Now comes the challenging part: the fat. I’ve often been told by breeders that it’s not commercially viable as it’s too fatty an animal, so they try and cross-breed the animal or change the diet to reduce the level of fat. If you try and mess with the breed it won’t be a Mangalitza anymore. It’s a lard type animal, so it’s going to be fat. There’s two ways of looking at it – you can treat the animal in the same way as you would a more traditional pig and cost it on the % of usable meat or you find a use for all the fat, and make the animal work for you. This is my problem with the breed, it’s not a straightforward pig, and there needs to be a lot of work to try and get a decent carcass balance from the animal. I hate waste so we’ve had to experiment with a few different things to use up all the spare backfat we had from our three pigs – we still have around 12kg left in the freezer. As for the reality – although I’d seen carcasses, I’d never cut a Mangalitza myself, I was expecting fat but I wasn’t really expecting the levels of backfat that I had on my biggest animal. At 128kg deadweight, the amount of 80VL usable meat was around 30%, the leanest of our animals at 88kg deadweight had around 48%. Since cutting my Mangalitza I’ve seen carcasses from other producers with as little as 20% usable meat.

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The fat is pretty special, it’s definitely not the same as a more traditional breed. You don’t need to get the fat analysed to tell you that, if you’re used to cutting, you’ll see that the fat looks and feels different. It’s pure, stark white fat. The streaky bacon I made from the first animal transported my father back to his childhood – although I get comments all the time about my bacon being ‘proper’, ‘old fashioned’ and ‘like it used to be’, this was definitely different to any modern or traditional breed that I’ve used. The rendered lard was creamy, and again pure white. Although the fat is cleaner in taste I did find myself feeling a little queasy having polished off a plate of fried potatoes – it’s rich, and a real indulgence. However, when it comes to producing something like salami, the meat is incredible but the fat is too soft, it needs to be cured prior to drying or it’ll just ooze soft fats once dried. I have to say the salami I made was quite possible the best that I ever have. So yes, from that perspective I’d like to make more.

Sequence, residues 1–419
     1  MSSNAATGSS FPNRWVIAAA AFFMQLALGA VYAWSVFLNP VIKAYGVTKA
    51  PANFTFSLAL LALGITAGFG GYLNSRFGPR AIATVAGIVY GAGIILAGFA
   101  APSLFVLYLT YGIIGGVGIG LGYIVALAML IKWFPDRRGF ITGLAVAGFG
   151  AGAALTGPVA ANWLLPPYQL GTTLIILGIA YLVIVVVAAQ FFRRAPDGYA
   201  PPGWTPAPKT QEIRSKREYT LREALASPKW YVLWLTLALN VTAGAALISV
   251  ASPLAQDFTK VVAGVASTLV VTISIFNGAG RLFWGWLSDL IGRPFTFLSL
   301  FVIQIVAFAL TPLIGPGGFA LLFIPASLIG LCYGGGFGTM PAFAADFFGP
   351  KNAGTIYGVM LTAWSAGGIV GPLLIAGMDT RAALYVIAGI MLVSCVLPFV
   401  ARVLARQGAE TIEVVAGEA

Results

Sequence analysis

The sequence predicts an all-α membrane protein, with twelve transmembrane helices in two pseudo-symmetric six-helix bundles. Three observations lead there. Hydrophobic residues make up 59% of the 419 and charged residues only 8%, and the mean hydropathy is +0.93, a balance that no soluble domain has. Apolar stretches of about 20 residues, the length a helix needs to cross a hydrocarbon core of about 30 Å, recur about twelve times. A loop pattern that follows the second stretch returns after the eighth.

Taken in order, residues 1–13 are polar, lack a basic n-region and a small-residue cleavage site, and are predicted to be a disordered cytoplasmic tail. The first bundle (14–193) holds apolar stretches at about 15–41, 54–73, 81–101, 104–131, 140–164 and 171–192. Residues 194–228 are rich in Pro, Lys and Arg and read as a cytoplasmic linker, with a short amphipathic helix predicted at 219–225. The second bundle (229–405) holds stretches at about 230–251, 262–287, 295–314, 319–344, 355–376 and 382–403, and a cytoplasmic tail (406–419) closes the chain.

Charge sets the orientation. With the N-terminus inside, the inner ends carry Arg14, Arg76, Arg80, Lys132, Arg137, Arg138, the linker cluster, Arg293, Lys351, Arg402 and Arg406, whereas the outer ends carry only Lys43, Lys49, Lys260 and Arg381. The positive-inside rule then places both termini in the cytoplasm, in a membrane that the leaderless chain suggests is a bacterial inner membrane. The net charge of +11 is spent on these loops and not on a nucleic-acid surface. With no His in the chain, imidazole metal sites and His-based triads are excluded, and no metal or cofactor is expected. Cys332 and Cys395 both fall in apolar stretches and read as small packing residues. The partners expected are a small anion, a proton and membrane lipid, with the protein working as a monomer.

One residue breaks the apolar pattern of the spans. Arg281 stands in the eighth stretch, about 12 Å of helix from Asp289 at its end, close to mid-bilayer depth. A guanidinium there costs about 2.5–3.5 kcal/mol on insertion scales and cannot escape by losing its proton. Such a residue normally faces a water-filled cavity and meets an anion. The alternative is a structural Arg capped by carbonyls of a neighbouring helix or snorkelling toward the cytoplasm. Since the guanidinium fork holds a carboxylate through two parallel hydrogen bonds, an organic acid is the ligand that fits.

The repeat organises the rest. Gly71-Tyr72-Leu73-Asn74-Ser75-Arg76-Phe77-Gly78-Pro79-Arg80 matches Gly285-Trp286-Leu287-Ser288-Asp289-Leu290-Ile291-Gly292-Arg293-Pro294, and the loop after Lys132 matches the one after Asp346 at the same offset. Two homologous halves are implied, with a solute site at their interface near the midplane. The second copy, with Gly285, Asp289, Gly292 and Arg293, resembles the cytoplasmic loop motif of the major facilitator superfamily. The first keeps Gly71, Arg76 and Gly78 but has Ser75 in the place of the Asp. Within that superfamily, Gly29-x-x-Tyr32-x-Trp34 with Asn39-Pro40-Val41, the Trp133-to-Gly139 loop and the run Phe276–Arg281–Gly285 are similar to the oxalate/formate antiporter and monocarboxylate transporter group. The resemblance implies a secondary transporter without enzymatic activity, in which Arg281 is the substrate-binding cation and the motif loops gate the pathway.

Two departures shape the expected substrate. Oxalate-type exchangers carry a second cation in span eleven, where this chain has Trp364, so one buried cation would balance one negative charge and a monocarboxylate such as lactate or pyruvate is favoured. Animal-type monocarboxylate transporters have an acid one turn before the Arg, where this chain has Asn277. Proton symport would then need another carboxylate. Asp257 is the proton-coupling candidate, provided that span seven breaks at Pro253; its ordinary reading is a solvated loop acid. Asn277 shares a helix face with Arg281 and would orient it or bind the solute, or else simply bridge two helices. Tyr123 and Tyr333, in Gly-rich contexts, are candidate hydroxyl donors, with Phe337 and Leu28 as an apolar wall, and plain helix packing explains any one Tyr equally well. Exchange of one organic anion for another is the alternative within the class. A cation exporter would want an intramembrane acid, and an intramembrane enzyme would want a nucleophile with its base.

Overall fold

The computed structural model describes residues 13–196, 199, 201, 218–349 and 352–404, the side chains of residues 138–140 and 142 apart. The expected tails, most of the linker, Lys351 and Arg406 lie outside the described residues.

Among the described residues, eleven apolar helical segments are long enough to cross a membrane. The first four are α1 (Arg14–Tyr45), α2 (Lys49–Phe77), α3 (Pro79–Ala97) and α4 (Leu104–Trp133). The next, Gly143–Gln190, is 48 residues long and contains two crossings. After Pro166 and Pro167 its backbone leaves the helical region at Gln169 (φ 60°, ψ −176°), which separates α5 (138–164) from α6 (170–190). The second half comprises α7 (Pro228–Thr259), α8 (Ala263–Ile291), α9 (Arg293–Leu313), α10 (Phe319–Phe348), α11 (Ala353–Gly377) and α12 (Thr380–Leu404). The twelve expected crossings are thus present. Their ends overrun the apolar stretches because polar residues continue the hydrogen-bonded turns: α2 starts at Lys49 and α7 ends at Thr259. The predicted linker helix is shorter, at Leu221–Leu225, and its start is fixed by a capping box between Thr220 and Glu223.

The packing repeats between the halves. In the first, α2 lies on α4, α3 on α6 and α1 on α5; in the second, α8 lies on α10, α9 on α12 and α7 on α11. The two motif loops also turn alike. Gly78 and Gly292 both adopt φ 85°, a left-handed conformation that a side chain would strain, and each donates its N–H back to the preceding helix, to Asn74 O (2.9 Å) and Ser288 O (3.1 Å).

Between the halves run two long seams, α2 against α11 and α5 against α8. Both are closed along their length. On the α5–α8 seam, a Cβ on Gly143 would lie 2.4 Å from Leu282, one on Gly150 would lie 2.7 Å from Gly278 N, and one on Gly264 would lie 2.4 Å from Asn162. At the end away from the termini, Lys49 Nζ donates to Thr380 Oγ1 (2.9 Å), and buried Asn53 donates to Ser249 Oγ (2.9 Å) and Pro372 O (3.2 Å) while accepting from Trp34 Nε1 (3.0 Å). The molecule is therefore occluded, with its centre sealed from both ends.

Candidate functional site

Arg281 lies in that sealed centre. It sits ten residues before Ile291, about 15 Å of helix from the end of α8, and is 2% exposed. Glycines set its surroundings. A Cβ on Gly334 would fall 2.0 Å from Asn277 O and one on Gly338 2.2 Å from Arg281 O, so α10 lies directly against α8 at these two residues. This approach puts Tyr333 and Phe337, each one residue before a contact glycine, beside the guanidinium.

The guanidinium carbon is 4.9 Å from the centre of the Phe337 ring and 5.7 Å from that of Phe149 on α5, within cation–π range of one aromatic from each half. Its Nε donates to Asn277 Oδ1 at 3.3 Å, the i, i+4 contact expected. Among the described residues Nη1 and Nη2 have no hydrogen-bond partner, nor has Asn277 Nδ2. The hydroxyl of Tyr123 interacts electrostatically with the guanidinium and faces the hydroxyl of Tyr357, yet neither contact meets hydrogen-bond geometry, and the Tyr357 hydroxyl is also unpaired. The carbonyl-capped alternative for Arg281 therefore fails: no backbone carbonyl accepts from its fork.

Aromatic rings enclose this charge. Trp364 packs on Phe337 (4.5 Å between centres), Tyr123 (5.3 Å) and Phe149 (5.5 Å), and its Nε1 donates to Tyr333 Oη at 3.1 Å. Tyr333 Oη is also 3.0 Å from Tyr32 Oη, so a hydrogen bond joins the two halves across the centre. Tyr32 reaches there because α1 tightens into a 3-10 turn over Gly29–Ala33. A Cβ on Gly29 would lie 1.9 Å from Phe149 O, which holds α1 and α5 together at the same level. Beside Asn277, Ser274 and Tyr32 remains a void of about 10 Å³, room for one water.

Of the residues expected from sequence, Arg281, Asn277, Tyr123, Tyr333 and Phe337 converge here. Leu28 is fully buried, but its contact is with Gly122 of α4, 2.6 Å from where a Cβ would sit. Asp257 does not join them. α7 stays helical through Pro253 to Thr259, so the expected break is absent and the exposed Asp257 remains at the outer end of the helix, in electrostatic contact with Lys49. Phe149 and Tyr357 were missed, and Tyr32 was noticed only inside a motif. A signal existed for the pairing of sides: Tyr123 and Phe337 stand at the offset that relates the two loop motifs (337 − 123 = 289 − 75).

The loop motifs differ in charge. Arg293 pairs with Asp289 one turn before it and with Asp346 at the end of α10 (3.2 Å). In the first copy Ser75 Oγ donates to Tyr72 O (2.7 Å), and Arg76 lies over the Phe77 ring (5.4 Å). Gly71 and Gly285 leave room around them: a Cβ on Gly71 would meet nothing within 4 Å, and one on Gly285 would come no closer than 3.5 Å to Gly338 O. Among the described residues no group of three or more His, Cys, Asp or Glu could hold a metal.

Pretty positive so far I guess, now for some comments on rearing… they root, I know pigs root but we’ve never had pigs that root like these. They turned a grassy woodland into a quagmire in a matter of days. Although they were handled regularly they became far more feral than other breeds, reverting to nest building (cauldrons, but I prefer to think of them as dens) and were quite aggressive later in life (I have a mark on my upper thigh to attest to this). They’re highly intelligent, and they tested both our fences and my patience to an extreme degree, breaking out regularly even though they had nearly seven acres of woodland to roam and trash. The plus point, as a slow growing animal they really don’t eat in such a voracious manner as modern pigs. At a quarter ration they were very healthy, and to be honest they would have put on fat just on fresh air.

If I were a hobbyist, and I know (by their own admission) that some of the breeders in the UK are, or a smallholder rearing animals for a steady stock of freezer meat I’d be happy with them as a breed. However, as I’m a farmer and a processor I do have to think of them realistically from a business perspective. There is a profit to be made as a farmer or smallholder rearing these animals as long as they’re sold as stock or as whole carcass; at 18 months I think a fair price would be in the region of £2.50-£3.50/kg for a carcass deadweight (in the region of 100kg). Many traditional breeders won’t have an interest as they’d much prefer to rear a 60kg pig in 26 weeks at £2+/kg, so in effect you’d make more money rearing more animals in a shorter time.